Local pediatrician Amanda Dickerson said she initially felt helpless hearing about episodes of gun violence both locally and around the nation.

"I went from feeling helpless to determined," she said. "As a pediatrician, gun violence directly affects my daily life. Whether it's in domestic violence, children who are caught in the crossfire of unintentional acts or for suicide prevention, I thought to myself, 'How can I be small change? Living in Joplin, Missouri, what can I do?'"

Dickerson helped found the Joplin chapter of Moms Demand Action for Gun Sense in America and is its volunteer leader. The chapter is one of hundreds across the country planning to observe Wear Orange Day on Saturday, held in conjunction with National Gun Violence Awareness Day.

The color orange was chosen by friends to honor shooting victim Hadiya Pendleton, who was killed in 2013 in Chicago. Those who wear orange pledge to honor the lives of Americans lost because of gun violence, to work to keep firearms out of the hands of people with dangerous histories and to protect communities from further gun violence.

The local Wear Orange event is open to the public, and runs from 11 a.m. to 4 p.m. Saturday at Landreth Park. There will be food trucks, live music, voter registration, games, children's activities and vendor tables from area organizations. A supply of gun locks will also be handed out to those interested in finding ways to help keep families and communities safer.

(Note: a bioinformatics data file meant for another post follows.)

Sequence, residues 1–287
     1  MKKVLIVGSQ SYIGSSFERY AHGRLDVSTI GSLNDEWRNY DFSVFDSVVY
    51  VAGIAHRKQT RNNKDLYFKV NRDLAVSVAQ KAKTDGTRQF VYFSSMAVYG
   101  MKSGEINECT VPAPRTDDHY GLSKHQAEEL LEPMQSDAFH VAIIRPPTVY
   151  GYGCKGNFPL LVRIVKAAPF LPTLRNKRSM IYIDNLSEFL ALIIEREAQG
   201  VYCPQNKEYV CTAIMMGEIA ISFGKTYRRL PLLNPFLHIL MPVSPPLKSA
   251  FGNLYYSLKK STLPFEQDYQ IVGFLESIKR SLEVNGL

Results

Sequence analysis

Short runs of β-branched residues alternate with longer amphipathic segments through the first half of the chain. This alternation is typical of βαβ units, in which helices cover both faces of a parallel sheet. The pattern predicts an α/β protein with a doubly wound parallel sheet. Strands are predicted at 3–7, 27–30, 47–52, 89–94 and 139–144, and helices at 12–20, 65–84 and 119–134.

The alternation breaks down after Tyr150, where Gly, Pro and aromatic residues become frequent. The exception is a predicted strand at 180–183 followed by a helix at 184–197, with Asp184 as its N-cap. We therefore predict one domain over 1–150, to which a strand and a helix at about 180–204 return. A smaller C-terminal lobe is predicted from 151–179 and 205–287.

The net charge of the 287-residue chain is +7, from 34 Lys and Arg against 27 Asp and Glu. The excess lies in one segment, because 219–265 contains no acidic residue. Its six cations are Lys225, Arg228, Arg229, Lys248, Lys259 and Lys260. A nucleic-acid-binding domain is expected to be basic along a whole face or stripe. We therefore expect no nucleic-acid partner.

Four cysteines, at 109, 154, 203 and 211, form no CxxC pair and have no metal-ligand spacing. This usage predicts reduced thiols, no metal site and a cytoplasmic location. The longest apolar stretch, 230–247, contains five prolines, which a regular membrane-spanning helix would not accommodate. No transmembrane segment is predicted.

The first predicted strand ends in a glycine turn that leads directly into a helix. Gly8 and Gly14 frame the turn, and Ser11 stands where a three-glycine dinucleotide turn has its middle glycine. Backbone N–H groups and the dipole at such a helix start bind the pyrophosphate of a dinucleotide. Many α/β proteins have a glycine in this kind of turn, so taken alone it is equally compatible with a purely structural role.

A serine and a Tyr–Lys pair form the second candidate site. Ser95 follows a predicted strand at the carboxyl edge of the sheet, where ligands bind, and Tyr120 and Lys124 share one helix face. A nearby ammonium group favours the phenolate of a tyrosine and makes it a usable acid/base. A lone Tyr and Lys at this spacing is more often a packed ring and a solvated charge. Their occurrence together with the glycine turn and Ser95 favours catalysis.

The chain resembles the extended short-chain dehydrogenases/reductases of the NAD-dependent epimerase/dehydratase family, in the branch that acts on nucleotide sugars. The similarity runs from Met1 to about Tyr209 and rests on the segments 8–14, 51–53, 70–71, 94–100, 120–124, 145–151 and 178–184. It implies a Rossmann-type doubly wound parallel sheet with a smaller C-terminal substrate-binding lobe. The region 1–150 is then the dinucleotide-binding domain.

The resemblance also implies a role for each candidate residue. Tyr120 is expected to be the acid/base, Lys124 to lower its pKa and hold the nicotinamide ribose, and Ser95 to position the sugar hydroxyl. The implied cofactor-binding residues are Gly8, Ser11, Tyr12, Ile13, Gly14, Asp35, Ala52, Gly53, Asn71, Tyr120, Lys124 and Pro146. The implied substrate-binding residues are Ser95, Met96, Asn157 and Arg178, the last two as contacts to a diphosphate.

Dickerson said she wants community members to know there are meaningful changes that can be accomplished.

"There are things we can do to make ourselves safer that don't have anything to do with taking anyone's guns away, which is an important distinction when you live in a hunting community like Southwest Missouri," she said. "The whole purpose of Moms (Demand Action) is to work within the Second Amendment to find ways to make our communities safer. With gun rights comes responsibility."

Several members of the Joplin chapter, Dickerson said, are gun owners themselves, maintaining the necessity for good sense in teaching safety, awareness and violence prevention. One of the group's main priorities has been a program intended to reduce unintentional shootings by teaching children and families to secure all guns in homes and vehicles, to model responsible behavior, to ask about unsecured guns in other homes and to recognize the role of guns in suicide.

Joplin's Wear Orange event also will honor survivors and those lost to gun violence.

"We want to bring a voice to the hundreds who are killed and injured every day who don't have a voice anymore," Dickerson said. "We're trying to make our communities safer in their honor."


To learn more about Wear Orange Day, go to wearorange.org.

Sarah Coyne is a family and parenting columnist for The Joplin Globe. She can be reached at scoyne@joplinglobe.com.